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There's More to Morality Than the Politics of Sex

By Daniel Henninger

Tales from the Enron trial got you down? Like Andrew Fastow's testimony of how he laundered $10,000 as a tax-free gift to his own sons? So after work you stumble home, seeking refuge from the workaday sludge in the stark competitive world of Sports Illustrated, which this week is awash in the details of the doping case against Barry Bonds, an Icarus, legend has it, who flew toward baseball heaven on wax wings made from human growth hormone.

For perspective on the Bonds myth, I called Gary Wadler, a physician who has seen it all as a member of the World Anti-Doping Agency. "Bonds and Fastow were both into cooking," Dr. Wadler offered. "Bonds cooked the record books and Fastow cooked the financial books."

The thing about gallows humor is that after the laughing, the floor falls away and something dies. What's dying here may be a nation's common understanding of what's right and what's wrong. Business, sports, politics, publishing--they all seem to have something cooking. The Adelphi fraud and Tyco gross-out were yesterday. Today we've got Jack Abramoff's Washington, James Frey's falsified memoir and last week an economist in the news who swears he's proved widespread point-shaving in Division I men's basketball.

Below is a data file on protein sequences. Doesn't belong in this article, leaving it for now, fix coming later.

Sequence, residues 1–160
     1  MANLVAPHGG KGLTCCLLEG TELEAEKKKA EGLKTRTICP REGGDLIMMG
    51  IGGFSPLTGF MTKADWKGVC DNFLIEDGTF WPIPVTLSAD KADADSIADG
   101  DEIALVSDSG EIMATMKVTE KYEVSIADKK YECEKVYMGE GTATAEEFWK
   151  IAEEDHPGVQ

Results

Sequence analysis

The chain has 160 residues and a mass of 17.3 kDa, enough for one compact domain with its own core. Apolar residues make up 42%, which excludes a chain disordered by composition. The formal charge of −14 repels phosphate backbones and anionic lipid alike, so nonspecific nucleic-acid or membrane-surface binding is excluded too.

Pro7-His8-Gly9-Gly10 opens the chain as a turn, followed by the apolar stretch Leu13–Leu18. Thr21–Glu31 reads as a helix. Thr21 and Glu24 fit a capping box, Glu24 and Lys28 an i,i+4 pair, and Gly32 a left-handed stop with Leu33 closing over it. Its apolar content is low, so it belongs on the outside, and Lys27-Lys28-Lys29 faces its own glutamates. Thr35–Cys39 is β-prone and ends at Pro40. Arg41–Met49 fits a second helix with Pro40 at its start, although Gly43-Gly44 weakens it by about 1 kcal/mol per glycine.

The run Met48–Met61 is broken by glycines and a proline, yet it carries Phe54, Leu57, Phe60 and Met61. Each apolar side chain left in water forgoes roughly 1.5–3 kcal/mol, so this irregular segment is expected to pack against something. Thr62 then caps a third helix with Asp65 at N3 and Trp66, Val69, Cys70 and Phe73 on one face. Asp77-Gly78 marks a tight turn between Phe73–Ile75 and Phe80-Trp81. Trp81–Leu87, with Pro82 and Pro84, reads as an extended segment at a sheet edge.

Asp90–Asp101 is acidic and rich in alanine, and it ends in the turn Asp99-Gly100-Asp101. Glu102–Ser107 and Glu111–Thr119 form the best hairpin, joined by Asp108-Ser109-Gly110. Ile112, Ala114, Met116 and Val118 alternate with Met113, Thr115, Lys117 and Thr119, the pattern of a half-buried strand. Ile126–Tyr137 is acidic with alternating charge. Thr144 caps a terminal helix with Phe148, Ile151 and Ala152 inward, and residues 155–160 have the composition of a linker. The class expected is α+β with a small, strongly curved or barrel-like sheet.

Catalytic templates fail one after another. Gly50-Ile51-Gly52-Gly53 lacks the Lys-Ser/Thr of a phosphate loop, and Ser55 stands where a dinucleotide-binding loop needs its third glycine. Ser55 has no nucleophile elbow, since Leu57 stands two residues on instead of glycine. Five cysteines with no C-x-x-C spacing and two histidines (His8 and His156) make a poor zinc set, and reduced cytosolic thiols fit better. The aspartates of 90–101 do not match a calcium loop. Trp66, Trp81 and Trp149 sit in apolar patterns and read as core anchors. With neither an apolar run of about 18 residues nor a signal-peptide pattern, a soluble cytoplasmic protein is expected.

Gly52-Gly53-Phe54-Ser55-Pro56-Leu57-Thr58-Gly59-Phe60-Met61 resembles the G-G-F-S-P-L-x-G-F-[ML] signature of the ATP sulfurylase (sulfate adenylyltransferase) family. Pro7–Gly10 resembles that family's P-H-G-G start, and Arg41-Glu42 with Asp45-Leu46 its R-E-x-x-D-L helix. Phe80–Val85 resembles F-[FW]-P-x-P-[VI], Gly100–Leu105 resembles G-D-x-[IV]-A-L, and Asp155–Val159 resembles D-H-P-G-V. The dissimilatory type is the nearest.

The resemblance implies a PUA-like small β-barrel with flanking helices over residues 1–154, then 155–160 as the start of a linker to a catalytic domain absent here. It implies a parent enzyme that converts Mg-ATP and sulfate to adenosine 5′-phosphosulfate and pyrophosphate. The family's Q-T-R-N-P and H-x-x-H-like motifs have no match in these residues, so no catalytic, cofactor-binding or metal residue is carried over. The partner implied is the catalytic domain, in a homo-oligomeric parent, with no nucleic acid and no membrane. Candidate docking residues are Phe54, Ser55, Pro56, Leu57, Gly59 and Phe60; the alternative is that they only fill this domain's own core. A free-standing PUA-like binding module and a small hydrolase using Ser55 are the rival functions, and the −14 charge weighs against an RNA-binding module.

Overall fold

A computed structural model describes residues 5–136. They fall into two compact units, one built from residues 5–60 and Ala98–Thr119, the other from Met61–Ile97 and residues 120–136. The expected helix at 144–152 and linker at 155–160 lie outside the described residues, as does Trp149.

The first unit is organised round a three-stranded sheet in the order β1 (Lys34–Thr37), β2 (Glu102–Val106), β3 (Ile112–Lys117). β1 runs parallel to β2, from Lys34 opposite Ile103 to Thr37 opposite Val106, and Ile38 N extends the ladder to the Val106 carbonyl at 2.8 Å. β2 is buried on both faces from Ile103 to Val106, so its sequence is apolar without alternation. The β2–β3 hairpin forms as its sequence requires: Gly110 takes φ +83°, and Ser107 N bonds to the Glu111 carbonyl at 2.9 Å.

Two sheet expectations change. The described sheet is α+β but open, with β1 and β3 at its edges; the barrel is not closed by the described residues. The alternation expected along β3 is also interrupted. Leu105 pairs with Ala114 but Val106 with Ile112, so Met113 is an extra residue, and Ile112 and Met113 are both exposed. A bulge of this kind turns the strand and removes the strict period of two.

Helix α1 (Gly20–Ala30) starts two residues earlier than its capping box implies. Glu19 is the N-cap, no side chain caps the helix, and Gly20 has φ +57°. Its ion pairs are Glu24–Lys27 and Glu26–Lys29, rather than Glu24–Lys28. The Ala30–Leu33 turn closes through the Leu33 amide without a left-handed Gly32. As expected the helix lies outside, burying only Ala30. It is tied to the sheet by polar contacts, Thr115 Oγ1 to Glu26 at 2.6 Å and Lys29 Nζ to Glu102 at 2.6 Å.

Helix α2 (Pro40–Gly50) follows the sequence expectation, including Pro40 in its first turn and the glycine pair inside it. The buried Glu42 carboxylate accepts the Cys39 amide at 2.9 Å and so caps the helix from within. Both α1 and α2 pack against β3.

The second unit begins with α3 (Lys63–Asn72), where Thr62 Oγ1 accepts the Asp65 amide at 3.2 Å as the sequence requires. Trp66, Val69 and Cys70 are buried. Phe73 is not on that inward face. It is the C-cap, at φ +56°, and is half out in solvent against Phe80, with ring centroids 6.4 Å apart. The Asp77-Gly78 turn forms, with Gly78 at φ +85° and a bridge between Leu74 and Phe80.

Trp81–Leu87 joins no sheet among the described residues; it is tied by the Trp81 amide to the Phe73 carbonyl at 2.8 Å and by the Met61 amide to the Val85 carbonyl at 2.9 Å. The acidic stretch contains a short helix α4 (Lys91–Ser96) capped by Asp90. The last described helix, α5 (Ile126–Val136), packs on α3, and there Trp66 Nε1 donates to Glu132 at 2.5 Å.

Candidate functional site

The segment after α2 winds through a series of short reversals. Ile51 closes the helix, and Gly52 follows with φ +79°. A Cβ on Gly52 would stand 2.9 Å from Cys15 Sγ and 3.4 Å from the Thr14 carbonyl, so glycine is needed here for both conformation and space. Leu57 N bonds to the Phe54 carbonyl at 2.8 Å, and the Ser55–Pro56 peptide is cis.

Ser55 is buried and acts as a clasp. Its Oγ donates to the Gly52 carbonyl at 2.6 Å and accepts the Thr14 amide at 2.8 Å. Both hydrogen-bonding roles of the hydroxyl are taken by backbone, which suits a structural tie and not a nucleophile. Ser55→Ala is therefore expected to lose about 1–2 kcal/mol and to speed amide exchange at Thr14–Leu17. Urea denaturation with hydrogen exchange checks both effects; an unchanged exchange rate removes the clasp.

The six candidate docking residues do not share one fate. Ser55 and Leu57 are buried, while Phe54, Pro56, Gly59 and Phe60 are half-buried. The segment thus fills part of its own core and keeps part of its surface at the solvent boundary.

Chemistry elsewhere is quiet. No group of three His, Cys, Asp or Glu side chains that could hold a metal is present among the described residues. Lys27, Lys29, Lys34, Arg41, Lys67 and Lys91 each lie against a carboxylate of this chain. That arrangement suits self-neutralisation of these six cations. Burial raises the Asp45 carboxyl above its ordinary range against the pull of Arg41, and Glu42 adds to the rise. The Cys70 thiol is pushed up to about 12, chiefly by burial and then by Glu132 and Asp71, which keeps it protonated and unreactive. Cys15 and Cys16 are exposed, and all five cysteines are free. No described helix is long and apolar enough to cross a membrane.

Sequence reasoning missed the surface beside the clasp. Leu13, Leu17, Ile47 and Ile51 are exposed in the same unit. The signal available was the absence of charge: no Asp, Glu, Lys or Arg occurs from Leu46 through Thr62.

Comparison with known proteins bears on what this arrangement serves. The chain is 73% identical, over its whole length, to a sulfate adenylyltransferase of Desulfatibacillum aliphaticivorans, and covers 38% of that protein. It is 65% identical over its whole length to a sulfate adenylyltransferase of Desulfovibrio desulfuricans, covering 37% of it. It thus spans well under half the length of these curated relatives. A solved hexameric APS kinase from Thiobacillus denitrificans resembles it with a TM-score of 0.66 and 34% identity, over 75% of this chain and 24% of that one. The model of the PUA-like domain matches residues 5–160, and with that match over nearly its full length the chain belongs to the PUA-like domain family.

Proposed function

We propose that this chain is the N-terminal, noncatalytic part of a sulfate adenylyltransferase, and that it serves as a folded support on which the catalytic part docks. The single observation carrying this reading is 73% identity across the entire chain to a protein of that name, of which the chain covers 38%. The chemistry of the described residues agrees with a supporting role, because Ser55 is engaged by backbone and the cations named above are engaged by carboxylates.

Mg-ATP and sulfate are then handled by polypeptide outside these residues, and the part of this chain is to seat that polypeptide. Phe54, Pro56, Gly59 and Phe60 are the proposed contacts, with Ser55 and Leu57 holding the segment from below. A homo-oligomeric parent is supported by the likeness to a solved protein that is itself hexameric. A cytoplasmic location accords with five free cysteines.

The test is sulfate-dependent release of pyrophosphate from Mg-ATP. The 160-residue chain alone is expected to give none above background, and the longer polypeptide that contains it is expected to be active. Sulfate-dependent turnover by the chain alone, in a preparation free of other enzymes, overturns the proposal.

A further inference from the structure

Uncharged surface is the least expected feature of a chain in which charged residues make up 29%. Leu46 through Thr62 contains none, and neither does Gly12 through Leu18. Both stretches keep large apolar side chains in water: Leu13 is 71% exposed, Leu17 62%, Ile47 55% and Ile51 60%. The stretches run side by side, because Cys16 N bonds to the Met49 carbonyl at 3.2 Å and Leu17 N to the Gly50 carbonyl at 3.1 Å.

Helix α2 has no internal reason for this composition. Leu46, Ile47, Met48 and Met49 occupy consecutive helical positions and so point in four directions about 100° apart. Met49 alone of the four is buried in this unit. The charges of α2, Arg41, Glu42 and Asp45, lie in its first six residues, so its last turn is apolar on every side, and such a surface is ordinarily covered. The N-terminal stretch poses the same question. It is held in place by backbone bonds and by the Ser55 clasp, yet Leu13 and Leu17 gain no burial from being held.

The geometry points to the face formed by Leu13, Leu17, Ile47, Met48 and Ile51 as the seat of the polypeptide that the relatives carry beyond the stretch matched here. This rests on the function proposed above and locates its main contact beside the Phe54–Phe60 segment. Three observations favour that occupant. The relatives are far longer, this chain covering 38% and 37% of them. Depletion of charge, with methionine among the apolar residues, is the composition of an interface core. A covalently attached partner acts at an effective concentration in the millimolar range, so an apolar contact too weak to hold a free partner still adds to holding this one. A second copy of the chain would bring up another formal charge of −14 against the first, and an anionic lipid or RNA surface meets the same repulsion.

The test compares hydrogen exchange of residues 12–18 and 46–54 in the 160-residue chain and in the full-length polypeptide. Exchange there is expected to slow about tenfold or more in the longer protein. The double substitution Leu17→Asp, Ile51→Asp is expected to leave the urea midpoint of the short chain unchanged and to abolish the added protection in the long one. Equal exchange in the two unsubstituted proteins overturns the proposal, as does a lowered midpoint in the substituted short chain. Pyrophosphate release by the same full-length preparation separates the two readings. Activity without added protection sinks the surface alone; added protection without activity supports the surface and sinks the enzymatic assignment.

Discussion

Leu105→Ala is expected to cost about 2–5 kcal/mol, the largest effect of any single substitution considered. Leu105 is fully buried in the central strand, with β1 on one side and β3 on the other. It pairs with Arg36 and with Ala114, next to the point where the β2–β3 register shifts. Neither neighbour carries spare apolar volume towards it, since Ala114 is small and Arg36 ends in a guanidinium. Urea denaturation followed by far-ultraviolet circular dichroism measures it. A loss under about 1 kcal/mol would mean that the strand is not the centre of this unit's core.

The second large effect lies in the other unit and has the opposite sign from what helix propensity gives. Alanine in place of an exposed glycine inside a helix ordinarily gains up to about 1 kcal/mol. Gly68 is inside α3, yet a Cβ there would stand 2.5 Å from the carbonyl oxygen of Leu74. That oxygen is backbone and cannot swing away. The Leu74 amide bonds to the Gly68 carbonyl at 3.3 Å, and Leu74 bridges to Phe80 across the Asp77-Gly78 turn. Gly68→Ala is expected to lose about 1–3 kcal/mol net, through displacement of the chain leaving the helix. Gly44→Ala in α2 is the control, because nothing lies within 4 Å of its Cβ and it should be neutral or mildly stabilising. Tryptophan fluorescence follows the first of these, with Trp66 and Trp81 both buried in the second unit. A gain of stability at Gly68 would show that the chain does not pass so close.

There was a time when an internal yellow flag would slow down most people heading into an ethical hairpin curve. Now lots of people seem to roar through the yellow flags, and mass media being what it is, we all get to participate in every scurvy detail of these bouts of moral collapse.